REVIEW: As in Heaven, So on Earth a.k.a Come in cielo, così in terra (2020)

dir. Francesco Erba

Opening with a piano score, a distressed mother asks for forgiveness and begs for mercy, making a TV appeal to the kidnappers of her daughter. Viewers are as yet unsure what’s happened, while the scenes of woodland locations and stop-motion figures initially offer few clues.

Split across three different points in time, director Erba’s feature debut mixes gothic mystery with police procedural, using live-action and puppetry for a unique aesthetic. In 1275 a young girl is imprisoned in the dungeons of an abbey, where an alchemist uses her for strange experiments and a young literary assistant tries to free her. In 2011 two teenagers go missing in the woods while a young woman appears from nowhere, leading to investigations in the modern day as a police officer – fearful for his life – leaves video testimony relating to something he’s uncovered.

In this final time-period the officer trying to pass vital notes to a documentary filmmaker, only to be told he must recount them on-camera. This segue allows the story to unfold before viewer’s eyes, although it plays unnaturally and feels limited by the mockumentary format: this is just one of the issues the wraparound device brings up, as though it’s retroactively connecting short films which barely come together.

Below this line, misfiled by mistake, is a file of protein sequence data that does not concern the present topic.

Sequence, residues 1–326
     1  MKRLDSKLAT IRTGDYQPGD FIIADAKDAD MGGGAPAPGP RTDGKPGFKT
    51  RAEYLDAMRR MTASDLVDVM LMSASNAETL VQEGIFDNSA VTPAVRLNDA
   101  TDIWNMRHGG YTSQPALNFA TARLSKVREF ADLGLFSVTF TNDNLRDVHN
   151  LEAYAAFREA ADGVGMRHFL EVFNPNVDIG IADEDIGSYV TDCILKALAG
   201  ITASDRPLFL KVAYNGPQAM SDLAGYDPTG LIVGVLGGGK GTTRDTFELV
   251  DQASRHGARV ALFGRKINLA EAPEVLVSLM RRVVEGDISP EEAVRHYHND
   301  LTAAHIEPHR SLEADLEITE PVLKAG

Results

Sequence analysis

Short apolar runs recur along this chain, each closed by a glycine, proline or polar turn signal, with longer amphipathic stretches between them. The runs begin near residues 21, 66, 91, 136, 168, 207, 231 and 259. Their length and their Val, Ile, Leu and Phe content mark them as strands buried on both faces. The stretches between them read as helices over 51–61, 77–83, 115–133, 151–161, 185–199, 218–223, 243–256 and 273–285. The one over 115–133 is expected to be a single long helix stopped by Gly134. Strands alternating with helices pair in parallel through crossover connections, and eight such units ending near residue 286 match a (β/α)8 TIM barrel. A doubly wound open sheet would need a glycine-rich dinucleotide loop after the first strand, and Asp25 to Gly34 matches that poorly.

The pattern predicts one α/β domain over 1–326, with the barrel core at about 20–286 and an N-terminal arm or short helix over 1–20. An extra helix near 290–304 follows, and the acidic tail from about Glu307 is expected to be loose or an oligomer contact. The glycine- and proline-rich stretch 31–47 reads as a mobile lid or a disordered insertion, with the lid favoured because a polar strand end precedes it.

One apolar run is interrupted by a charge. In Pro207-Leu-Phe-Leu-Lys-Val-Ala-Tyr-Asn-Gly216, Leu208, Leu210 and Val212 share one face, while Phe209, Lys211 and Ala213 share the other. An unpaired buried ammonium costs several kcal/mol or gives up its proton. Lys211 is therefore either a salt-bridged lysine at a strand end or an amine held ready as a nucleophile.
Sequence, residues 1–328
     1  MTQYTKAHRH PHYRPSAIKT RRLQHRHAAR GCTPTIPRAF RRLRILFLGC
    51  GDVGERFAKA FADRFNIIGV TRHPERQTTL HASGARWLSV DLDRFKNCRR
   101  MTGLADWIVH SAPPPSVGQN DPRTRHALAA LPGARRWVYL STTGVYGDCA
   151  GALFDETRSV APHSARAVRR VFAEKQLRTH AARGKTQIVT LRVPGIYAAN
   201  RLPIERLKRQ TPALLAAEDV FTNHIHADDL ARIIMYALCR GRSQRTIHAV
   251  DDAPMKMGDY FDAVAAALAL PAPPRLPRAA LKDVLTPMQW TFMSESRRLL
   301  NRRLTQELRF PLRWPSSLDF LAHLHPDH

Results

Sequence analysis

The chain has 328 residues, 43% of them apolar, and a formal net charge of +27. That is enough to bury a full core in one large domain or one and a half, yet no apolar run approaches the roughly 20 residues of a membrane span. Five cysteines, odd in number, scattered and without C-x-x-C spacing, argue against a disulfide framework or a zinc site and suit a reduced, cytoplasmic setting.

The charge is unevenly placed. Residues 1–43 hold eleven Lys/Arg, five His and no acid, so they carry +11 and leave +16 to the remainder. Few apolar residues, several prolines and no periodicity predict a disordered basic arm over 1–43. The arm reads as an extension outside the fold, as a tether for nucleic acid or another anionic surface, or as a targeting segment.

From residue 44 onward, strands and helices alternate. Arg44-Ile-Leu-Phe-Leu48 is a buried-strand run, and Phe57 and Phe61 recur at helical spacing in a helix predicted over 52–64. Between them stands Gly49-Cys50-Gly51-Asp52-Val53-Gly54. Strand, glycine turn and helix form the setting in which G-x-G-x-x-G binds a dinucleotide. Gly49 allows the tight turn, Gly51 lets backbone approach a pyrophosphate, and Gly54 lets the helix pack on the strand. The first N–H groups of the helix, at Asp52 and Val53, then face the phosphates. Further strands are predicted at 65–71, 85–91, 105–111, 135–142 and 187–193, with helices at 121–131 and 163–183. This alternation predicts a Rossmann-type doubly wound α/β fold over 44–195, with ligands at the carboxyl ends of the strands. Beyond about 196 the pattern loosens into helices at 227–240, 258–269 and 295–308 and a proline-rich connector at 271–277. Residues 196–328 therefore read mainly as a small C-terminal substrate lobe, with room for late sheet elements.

The medieval segment is the strongest, boasting wonderful artistry in the use of expressive puppets to communicate emotional depth, despite no words being spoken. It’s a shame this style doesn’t make up the entire film, as the horrific ideas within are lessened when repeated to lesser effect in the live-action segments.

And lastly there are the missing teenagers, a couple with an antagonistic relationship who randomly film themselves as they make frustrating decisions. When they lose their camera in the first segment subsequent scenes are told through a camera apparently attached to their dog, a needless decision which highlights how annoying the found-footage format can be.

As such, despite the imaginative highpoints, there’s rarely any tension felt across the film’s uneven mix of ideas.


James Rodrigues

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